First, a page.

Children and young people with X-linked hypophosphataemia (XLH) are unlikely to get routine access to Kyowa Kirin’s Crysvita on the NHS.
In draft guidelines, the National Institute for Health and Care Excellence has rejected NHS funding for the drug, after concluding that the most likely cost-effectiveness estimates are much higher than would normally be considered value for money for highly specialised technologies.
There are around 250 children and young people in England with XLH, an inherited genetic disorder that causes low levels of phosphate in the blood. This leads to soft, weak bones, and children with the condition usually have bowed or bent legs, short stature, bone pain and delayed walking, and may also have dental problems and hearing loss.
Current treatment mainly consists of vitamin D supplementation and oral phosphate, and is aimed at improving growth, lessening the severity of symptoms and preventing skeletal abnormalities.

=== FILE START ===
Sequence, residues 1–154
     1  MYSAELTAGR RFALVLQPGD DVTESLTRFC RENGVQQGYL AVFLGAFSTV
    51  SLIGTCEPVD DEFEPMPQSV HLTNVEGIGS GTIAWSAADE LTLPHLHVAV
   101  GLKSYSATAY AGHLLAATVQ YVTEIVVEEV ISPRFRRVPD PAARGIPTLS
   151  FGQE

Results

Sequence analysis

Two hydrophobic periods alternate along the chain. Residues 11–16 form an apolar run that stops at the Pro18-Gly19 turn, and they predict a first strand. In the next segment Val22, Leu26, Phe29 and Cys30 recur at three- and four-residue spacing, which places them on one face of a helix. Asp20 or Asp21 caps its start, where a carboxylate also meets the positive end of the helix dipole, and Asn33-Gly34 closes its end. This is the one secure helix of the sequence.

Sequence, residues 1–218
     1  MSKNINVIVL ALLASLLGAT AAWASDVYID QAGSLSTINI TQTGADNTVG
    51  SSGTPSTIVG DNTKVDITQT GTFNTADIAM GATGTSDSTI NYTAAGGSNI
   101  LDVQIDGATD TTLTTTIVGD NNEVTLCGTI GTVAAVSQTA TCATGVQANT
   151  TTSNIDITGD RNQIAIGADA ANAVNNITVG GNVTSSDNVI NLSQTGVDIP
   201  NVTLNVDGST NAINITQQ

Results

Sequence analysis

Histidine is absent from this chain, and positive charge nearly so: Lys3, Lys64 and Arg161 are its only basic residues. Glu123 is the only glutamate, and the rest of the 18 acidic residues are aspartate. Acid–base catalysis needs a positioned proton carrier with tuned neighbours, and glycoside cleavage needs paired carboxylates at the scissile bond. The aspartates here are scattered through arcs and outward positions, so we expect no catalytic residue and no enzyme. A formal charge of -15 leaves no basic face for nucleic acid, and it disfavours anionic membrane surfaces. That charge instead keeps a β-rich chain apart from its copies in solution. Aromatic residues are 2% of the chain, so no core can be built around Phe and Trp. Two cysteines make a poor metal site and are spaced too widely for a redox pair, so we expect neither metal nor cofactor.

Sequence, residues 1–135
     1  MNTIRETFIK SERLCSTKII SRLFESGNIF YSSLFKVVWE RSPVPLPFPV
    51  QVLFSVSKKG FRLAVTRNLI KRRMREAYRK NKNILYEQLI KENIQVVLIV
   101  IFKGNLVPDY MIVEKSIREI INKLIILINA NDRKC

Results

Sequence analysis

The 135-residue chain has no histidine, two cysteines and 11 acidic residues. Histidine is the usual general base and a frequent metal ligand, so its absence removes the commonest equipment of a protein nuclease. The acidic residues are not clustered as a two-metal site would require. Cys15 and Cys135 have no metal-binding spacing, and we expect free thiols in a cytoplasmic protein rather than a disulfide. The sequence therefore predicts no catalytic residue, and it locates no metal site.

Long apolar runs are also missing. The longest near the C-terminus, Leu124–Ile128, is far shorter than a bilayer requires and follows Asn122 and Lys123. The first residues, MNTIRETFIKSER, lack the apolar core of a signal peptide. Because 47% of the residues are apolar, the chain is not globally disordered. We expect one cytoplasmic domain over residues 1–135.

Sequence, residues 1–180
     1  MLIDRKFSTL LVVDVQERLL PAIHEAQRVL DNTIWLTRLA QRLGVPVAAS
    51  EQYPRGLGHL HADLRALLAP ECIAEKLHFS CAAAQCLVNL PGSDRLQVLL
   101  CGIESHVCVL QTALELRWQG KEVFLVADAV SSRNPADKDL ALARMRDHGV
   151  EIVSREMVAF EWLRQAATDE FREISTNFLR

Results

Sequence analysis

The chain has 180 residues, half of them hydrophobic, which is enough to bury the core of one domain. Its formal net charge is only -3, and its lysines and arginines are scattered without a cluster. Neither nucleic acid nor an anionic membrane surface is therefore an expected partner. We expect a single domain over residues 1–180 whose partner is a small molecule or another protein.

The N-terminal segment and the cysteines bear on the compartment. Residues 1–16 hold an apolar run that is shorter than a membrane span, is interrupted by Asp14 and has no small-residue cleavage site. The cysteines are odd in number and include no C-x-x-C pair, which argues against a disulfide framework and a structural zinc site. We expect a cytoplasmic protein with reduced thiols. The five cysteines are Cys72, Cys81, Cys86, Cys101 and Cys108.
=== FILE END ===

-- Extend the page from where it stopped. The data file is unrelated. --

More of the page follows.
Crysvita (burosumab) is an anti-FGF23 fully human monoclonal antibody, and the first treatment to target the underlying pathophysiology of XLH.
An injection given every two weeks from the age of one until the skeleton stops growing, aims to increase reabsorption of phosphate from the kidney and, through vitamin D production, improve intestinal absorption of calcium and phosphate.
However, while evidence suggests the drug is more clinically effective than conventional therapy and provides clinical benefits in children aged between one and 12 years, the data is “limited and uncertain”, NICE said, and also highlighted a lack of data in young people aged between 13 and 17 years.
Also, while the committee recognised that there may be some lifelong benefits from Crysvita because it can prevent irreversible bone damage, the long-term consequences of disease progression - which the drug may not affect - are uncertain, the Institute said.
Final guidance is expected in October.